Chocolate cosmos are wonderful for floristry as they have a lovely long stem, a very long flowering season, and hardly need any maintenance at all. Just a bit of a feed through the summer and lots of water. The colour and scent are stunning, too. They’re almost black when they first flower, but over time, it morphs into a stunning deep red. They’re useful in summer arrangements since they add contrast and depth, especially if you’re using pastels. Best of all, they smell like chocolate, which becomes more noticeable towards the end of the day.

Plan now for next year’s cut flower garden

Now is also the time to start thinking about spring bulbs. We plant hundreds on the plot so it takes a lot of organising and planning to make the most of the space. As I’m growing cut flowers, I don’t plant things like crocuses or snakehead fritillary. I save these for my garden. In Autumn, you want to plant narcissi and tulips that will flower from January to March. Other flowers like ranunculus and anemones are planted in the Spring.

Tips on how to grow a cut flower garden including how to layout your garden, amending soil, and flowers to choose for scented and long-lasting bouquets #gardeningtips #flowerfarm #flowergarden

As we find ourselves reluctantly heading into the colder months, just remember that there is always something we can do for the cut flower garden. Whether it’s planting indoor paperwhites for a glorious scent to fill the house, ordering seed catalogues in January, working the soil, or planning out next year’s garden. But for now, enjoy this last bit of warmth and make the most of your outside space. The plot still looks glorious, and I plan to soak up every minute of it.

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8 Comments

  1. I battle sun or the lack of, I don’t get sun all day. and deer. Not sure what I can grow that the deer won’t eat for breakfast.

    1. If you have a problem with deer eating your plants, probably the only solution is an enclosed garden area. There are few things that they won’t eat!

  2. Kate Herting says:

    Hello Helena, thank you for writing this article! Very informative and you gave a great list of suggested flowers. For you cut garden flowers, do you grow all in the ground or do some prefer raised beds? And what is your practice for weed control? Weeds are my biggest enemy and I hate using chemicals since I have pets and I just would rather not use them.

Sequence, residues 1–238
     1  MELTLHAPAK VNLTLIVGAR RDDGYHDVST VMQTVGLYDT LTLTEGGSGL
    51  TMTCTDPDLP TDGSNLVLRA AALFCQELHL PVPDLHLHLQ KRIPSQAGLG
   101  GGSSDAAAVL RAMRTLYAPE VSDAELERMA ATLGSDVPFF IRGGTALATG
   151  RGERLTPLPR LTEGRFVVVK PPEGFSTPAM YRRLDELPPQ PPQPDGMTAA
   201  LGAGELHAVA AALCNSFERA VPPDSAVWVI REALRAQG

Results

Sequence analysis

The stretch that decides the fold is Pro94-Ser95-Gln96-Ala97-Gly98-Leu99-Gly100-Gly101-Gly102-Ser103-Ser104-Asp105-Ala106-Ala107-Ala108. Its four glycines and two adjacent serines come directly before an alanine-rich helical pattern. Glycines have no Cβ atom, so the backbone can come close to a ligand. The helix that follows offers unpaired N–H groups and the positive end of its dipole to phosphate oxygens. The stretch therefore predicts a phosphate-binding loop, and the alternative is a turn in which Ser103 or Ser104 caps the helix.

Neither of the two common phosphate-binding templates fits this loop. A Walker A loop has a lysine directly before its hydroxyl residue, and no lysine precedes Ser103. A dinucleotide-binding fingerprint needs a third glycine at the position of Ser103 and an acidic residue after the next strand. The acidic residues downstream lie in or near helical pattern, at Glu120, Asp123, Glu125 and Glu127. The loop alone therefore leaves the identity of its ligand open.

Thank you,
    Kate

  3. I didn’t think this was possible here in our short season, even shorter this year, but I’m going to try. I have had some success with outdoor winter sowing this year and that has been encouraging, especially since I can’t seem to get the hang of grow lights, heat pads, etc. indoors. Two more wonderful books on the subject is a new one by Floret Flower Farm (in WA), Cut Flower Garden and Cool Flowers (as in cool season) by another flower farmer on the east coast, Lisa Mason Ziegler.

  4. Really nice flowers and stunning photos! This is very inspirational.

    1. Greaatt! I'll check it out.

      I really want to start a small gardenbut the problem is Im living in Dubai. Do you have any idea what flowers grow best in a hot place?

      1. Charlene, I would google ‘drought-tolerant’ plants. Often succulents are good and they flower, too. Maybe Sedum, Buddlea seem to grow everywhere, the Mediterranean plants like lavender, rosemary (has little mauve flowers) are good. Some of the Australian natives. Good luck.

    2. What an interesting place to grow a cut flower patch! Unfortunately I have no experience in growing in desert-like conditions. What I would do if I were you is to talk to the locals and see what they're growing. You might even be able to buy some plants or seeds off them.